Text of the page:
Ah, Moab! You are a magical place.
I come to you broken and you heal me.
I have my fears and doubts and you give me love and compassion.
I feel desolate and completely alone in your presence.
I stop walking and listen to the sound of utter silence.
In that peace, I know I am never alone.
You take my breath away and make me feel free.
Your beauty inspires me to create and express only more beauty.
Thank you once again!
Hunter Canyon Trail
Travel through a deep, twisting canyon with towering sandstone cliffs surrounding you on this peaceful trail. A small creek runs through this canyon for most of the year.
Distance: 3.4 miles out and back
Approximate hiking time: 1 to 2 hours
Elevation Gain: 250-foot elevation gain
Seasons: Year-round. Summers are hot.
Other trail users: Horses,
Canine compatibility: Dogs allowed
Fees and permits: No fee or permit required
How to get there: From Main Street (US 191) on the south side of Moab, turn west on Kane Creek Boulevard at the McDonald’s restaurant and drive west to a Y-junction with 500 West. Keep left on the paved road, which becomes Kane Springs Road. Follow the road west and then south along the Colorado River to a cattle guard. Continue south on the narrow dirt road to the signed Hunter Canyon Trailhead on the left just before the road splashes through a creek. This is 7.5 miles from US 191.
Trailhead GPS: N 38 30.596′, W 109 35.794′
The hike starts at the junction of Hunter Canyon and Kane Creek Canyon on the left side of Kane Springs Road just before it dips through the creek. The trail is shaded with cottonwoods and willows.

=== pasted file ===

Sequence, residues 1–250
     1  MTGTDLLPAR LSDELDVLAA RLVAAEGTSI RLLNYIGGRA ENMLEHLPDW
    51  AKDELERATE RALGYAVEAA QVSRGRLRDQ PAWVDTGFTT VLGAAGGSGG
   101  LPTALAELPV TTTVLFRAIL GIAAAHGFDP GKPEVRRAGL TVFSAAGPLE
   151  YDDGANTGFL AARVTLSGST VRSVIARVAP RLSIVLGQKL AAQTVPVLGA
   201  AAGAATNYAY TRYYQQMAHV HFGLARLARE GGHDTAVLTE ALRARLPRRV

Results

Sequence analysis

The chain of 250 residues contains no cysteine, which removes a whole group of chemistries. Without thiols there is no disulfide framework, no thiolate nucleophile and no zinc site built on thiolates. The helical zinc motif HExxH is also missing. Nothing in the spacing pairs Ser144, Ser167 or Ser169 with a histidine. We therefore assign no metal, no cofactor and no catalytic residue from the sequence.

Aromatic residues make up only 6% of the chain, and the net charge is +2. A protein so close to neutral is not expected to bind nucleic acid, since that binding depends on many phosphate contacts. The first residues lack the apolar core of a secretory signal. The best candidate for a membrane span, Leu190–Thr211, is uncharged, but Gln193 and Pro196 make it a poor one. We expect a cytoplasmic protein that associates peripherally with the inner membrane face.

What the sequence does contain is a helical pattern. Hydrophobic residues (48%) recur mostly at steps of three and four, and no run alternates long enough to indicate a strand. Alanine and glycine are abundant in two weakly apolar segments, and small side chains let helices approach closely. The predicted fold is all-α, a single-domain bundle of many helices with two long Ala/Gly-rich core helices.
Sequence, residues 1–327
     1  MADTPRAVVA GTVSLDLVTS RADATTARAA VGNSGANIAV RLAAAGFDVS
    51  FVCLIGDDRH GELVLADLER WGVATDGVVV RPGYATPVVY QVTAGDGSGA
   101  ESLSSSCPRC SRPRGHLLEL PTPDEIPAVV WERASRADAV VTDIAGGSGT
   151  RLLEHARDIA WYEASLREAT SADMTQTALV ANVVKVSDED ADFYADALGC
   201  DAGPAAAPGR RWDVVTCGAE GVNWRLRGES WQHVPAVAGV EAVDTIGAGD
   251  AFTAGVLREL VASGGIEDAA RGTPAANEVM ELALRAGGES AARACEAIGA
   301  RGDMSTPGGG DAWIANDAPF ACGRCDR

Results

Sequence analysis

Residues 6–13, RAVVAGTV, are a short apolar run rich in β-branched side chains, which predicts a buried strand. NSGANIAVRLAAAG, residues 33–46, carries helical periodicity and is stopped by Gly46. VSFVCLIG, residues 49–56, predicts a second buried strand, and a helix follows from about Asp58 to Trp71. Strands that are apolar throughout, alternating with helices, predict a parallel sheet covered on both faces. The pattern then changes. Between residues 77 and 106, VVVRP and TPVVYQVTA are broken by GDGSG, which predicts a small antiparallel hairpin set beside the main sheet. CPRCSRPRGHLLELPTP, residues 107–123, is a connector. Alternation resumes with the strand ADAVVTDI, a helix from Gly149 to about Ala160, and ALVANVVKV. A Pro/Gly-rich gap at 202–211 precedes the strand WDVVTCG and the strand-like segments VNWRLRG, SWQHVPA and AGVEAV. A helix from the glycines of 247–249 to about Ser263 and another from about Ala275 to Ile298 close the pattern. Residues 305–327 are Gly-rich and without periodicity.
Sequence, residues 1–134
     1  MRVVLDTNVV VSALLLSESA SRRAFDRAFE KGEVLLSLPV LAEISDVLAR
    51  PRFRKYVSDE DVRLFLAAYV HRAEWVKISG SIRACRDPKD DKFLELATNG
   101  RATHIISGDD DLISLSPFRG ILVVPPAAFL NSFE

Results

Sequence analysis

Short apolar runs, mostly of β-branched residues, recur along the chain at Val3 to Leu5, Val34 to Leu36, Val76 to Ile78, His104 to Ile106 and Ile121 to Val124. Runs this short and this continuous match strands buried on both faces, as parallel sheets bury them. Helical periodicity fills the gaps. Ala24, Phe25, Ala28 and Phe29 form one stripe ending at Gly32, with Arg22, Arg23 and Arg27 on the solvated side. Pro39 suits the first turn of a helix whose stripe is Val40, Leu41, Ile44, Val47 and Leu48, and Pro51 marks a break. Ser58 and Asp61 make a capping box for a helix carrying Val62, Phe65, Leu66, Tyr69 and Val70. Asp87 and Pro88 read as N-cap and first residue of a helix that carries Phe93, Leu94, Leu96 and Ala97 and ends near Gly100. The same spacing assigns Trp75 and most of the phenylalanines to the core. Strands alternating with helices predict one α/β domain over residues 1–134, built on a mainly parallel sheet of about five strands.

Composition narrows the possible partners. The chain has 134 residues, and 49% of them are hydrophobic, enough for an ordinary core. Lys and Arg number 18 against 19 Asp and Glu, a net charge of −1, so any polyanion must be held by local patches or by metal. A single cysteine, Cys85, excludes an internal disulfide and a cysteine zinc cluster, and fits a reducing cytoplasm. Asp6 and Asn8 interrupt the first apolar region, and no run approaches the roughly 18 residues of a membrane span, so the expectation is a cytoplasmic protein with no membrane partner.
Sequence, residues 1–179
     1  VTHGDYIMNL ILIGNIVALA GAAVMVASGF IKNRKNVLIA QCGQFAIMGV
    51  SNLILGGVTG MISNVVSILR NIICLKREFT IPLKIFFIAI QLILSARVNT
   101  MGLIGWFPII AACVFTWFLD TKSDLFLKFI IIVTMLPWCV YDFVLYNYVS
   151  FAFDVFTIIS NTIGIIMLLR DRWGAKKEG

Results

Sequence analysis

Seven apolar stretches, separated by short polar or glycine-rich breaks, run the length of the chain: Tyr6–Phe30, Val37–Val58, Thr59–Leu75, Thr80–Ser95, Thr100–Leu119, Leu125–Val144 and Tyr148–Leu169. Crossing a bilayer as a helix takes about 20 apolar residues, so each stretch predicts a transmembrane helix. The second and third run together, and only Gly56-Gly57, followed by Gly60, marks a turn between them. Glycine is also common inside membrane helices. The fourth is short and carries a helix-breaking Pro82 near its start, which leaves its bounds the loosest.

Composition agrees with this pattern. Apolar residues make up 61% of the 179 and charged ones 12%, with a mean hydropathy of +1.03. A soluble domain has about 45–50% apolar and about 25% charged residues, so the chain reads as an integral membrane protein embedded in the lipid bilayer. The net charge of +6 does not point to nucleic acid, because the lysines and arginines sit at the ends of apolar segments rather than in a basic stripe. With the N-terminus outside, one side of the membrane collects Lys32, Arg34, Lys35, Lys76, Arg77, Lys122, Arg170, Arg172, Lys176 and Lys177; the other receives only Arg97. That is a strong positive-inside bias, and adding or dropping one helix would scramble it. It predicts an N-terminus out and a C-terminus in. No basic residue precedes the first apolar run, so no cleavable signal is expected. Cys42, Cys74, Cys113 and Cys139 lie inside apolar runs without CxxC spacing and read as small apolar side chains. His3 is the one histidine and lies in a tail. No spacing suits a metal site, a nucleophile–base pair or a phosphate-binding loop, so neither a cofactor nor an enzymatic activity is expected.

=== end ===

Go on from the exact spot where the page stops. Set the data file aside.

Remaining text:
There are spots where the creek bed has been rearranged by summer floods so it is easy to loose the trail in some spots, just continue up the bed and you will find the trail again. Hike east up the sandy trail on the canyon floor, the creek is usually low so it’s easy to cross across.
About ½ mile in, the trail follows the creek and curves below a tall cliff. Across the bend is a steep rocky gully, here you can look up to see Hunter Arch, a 74 foot opening.
The trail then caresses through tamarisk and then to bedrock with the creek trickling through shallow pools. After about a mile, the trail and canyon bend eastward. The canyon opens here and three majestic sandstone pinnacles rise above the trail.
Continue hiking past the left pinnacle into the wider canyon. The creek runs over bedrock. Follow the trail across a sand bench on the left side of the canyon and then go right onto bedrock next to the creek. The creek tumbles over short stone ledges, filling large shallow pools that reflect sky and red cliff.
This idyllic spot, 1.7 miles from the trailhead, is the turnaround point for this easy day hike. To finish your hike, retrace your footsteps back down Hunter Canyon to the trailhead.
Options: The Hunter Canyon Trail continues another half mile or so up around the next bend where the trail ends at a pour-off or dry waterfall that is difficult to pass. The side canyon to the south before the pour-off harbors Curious Arch, a small arch perched on the canyon rim.
The lower part of Hunter Canyon has nine BLM campsites.
Remember you are in the desert, bring lots of water, drink before you think you are thirsty.
As in other Moab canyons, flash floods can occur in Hunter Canyon after heavy rainstorms. Watch the weather, especially in July and August, and either turn around or climb to higher ground before flooding occurs.
Bureau of Land Management (BLM),
Moab Field Office
82 E. Dogwood, Moab 84532;